I have previously posted about the release Eight for a wish by the American composer John Hayes. And he is also mentioned in as one of the favorite piano artists by both Philip Daniel and Philip G Anderson. That would make anyone curious, right?! So now it’s time to get to know John a bit better!
Where are you from? And where do you live?
I am from Lakeville, Minnesota, just outside of Minneapolis. Now I live and work in Minneapolis.
How long have you been playing the piano, and do you play other instruments as well?
I have been playing the piano since I was 8 or 9 years old. I don’t remember the exact age but it has been quite some time! I play a number of different synthesizers as well.I also play the saxophone, however, that has not made it into any recordings…yet 🙂
Tell us about how you started playing music.
My parents made me play haha! It seemed to be just a part of everyday life growing up, come home from school, homework, then the piano. Surprisingly, I was not fond of playing the piano around this time. I would have much rather been outside playing baseball or running around with friends.
How long have you been making piano music?
I have been writing my own little tunes and melodies since I was about 11 or 12, however, it wasn’t until about a year ago I released anything. I think it took a good amount of time and a certain amount of courage to finally be ready to share my music.
Tell us something about that moment you realized you could make songs yourself!
I don’t know if it was one specific moment. As my lessons growing up intensified and teachers became more and more strict, I became less interested in traditional training. During practice time, I would be trying to come up with my own tunes or trying to recreate a melody I had heard from a movie I had seen the night before. I eventually dropped out of formal lessons and really spent some time away from the piano for a couple years. It wasn’t until I picked things back up, about 7-8 years ago that I really started to enjoy the piano and realizing I could write songs for myself.
What are your favorite artists in this “piano genre”?
It really changes quite frequently! Right now I have been listening to a lot Francois Couturier and Valentin Silvestrov.
Is there one song which you play over and over again as soon as you sit down by a piano?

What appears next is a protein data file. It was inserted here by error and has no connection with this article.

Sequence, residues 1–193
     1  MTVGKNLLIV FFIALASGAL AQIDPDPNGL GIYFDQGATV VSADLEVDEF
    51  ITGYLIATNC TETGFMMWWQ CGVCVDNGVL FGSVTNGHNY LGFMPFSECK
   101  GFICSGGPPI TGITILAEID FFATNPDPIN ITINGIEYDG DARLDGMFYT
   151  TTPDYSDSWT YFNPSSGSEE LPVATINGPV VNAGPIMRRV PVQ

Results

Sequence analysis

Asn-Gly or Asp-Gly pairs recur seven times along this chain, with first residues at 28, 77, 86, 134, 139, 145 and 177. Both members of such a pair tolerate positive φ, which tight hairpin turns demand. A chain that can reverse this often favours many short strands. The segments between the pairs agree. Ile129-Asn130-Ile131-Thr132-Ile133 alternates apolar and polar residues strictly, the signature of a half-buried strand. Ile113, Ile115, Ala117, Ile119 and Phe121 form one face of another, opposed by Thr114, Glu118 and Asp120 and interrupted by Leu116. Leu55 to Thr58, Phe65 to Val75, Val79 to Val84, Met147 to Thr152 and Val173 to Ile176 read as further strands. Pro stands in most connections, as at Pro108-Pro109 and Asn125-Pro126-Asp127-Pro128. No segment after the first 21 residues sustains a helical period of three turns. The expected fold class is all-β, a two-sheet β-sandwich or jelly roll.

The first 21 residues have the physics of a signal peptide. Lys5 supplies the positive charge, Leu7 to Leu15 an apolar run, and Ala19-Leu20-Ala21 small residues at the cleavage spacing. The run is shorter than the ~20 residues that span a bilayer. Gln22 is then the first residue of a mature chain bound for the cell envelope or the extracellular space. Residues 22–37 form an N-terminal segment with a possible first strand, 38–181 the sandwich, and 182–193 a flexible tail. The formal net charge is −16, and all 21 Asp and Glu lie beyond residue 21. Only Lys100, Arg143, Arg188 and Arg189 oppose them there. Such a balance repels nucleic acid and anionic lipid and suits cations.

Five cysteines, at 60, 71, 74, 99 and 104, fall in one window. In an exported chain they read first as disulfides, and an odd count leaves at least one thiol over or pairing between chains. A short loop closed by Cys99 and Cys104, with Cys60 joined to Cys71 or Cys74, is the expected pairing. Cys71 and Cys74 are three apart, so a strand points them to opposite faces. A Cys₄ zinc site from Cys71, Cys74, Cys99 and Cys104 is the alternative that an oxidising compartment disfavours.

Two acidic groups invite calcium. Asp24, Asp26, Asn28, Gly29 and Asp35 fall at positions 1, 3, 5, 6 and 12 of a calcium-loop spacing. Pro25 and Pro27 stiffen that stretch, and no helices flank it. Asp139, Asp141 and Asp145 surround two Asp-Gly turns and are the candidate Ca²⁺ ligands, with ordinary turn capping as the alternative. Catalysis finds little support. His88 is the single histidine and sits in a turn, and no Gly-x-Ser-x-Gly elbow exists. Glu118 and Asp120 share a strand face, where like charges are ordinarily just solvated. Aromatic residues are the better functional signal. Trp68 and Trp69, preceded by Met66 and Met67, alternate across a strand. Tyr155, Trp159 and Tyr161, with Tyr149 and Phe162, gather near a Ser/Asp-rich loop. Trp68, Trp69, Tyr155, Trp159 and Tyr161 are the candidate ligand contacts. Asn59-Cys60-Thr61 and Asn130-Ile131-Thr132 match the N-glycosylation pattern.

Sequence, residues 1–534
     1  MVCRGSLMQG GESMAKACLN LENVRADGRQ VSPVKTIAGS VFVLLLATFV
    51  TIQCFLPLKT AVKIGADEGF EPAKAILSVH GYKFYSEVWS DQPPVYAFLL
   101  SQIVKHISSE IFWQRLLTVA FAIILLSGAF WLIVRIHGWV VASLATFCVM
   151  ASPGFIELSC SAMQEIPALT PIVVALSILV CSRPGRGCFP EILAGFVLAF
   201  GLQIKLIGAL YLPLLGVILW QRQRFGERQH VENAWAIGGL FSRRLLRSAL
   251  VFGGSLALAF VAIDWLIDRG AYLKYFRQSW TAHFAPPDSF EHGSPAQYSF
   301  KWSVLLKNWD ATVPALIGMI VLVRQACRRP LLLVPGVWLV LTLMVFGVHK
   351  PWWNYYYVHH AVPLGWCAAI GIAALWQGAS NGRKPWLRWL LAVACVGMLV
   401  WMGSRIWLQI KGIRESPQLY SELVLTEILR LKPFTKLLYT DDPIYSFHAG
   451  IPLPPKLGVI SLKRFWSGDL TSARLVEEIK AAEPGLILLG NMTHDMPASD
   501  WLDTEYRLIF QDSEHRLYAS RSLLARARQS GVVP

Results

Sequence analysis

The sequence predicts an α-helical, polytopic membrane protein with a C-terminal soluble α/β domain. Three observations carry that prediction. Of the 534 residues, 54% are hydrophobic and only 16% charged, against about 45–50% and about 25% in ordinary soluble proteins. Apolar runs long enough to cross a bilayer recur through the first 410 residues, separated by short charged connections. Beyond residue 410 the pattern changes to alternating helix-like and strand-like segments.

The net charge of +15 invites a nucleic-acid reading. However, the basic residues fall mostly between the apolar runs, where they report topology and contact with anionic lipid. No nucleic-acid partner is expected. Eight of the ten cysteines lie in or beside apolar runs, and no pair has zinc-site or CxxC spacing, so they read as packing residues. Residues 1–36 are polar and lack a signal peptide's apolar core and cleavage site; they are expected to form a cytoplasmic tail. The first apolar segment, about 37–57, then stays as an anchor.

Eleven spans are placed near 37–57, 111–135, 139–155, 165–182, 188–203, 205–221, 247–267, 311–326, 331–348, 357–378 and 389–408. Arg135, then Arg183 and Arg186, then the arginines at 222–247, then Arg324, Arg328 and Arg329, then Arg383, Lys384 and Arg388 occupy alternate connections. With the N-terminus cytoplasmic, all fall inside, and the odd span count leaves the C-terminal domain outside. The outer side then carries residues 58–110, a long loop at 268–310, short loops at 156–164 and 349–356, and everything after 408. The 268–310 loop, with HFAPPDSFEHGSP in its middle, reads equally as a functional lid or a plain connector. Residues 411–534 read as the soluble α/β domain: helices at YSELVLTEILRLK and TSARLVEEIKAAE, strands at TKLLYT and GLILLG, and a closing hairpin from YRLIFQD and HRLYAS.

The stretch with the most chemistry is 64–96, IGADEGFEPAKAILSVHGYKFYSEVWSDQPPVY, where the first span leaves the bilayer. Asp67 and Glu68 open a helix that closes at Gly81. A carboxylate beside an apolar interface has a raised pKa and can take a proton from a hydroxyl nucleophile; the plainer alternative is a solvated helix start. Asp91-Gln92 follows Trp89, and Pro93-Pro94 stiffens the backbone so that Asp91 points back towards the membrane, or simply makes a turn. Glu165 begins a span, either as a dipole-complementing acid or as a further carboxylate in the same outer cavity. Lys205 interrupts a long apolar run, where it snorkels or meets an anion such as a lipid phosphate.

Nothing specific. It is usually my own music nowadays. If I am writing, I usually start with a melody that I have been working on. Things begin to develop over time and if I am still excited about it, that is how I usually know I am on to something.
What rules (in making music) needs to be broken?
In order to make something great, all the rules need to be broken. (I’m not taking credit for that quote, it sounds like something someone else has said before by some snooty painter haha) But really, I think knowing the rules is the first important thing and something that gets overlooked. From there you can begin to experiment and consciously step outside them. This is usually when you find your best work.
How do you record your music?
I have my own studio, “Emerson Studio” that I record out of.
Whats your take on sampled instruments?
Instrument libraries can be great. Before I was able to buy my own piano that was all I used. The thing with samples and libraries though is that there are an INFINITE number of them. So many choices can lead to decision paralysis. One day you like the sound of this library, the next day a new one comes out and you have to try that one. There is no real commitment since everything can just be changed with one click. I like the idea of really committing to your sound and then developing it which is hard to do with a sample. Real instruments have their own personalities as well that sample libraries just don’t have. Trying to learn how to capture those personalities in recordings or bring them to life in performances is something that I really connect with.
The last question is asked by my 5 year old son:
Where do all your songs come from?
That is a great question! It is hard to know where they come from really. Some days music just comes out of you and you feel like a genius, some days you feel like you need someone to explain to you where middle C is. I have a quote next to my piano from Rick Rubin that reads: “Being a great artist means practicing being in touch with the information already inside you.” That really sums it up for me. I think my songs come from when I am able to identify that I am connecting with something I am playing and being able to work with those emotions that are coming out on the piano.
Anything else you want to share?
I hope you are staying warm up there in Sweden!
Thanks John! Winter never really came to my part of Sweden this time, so I am grateful!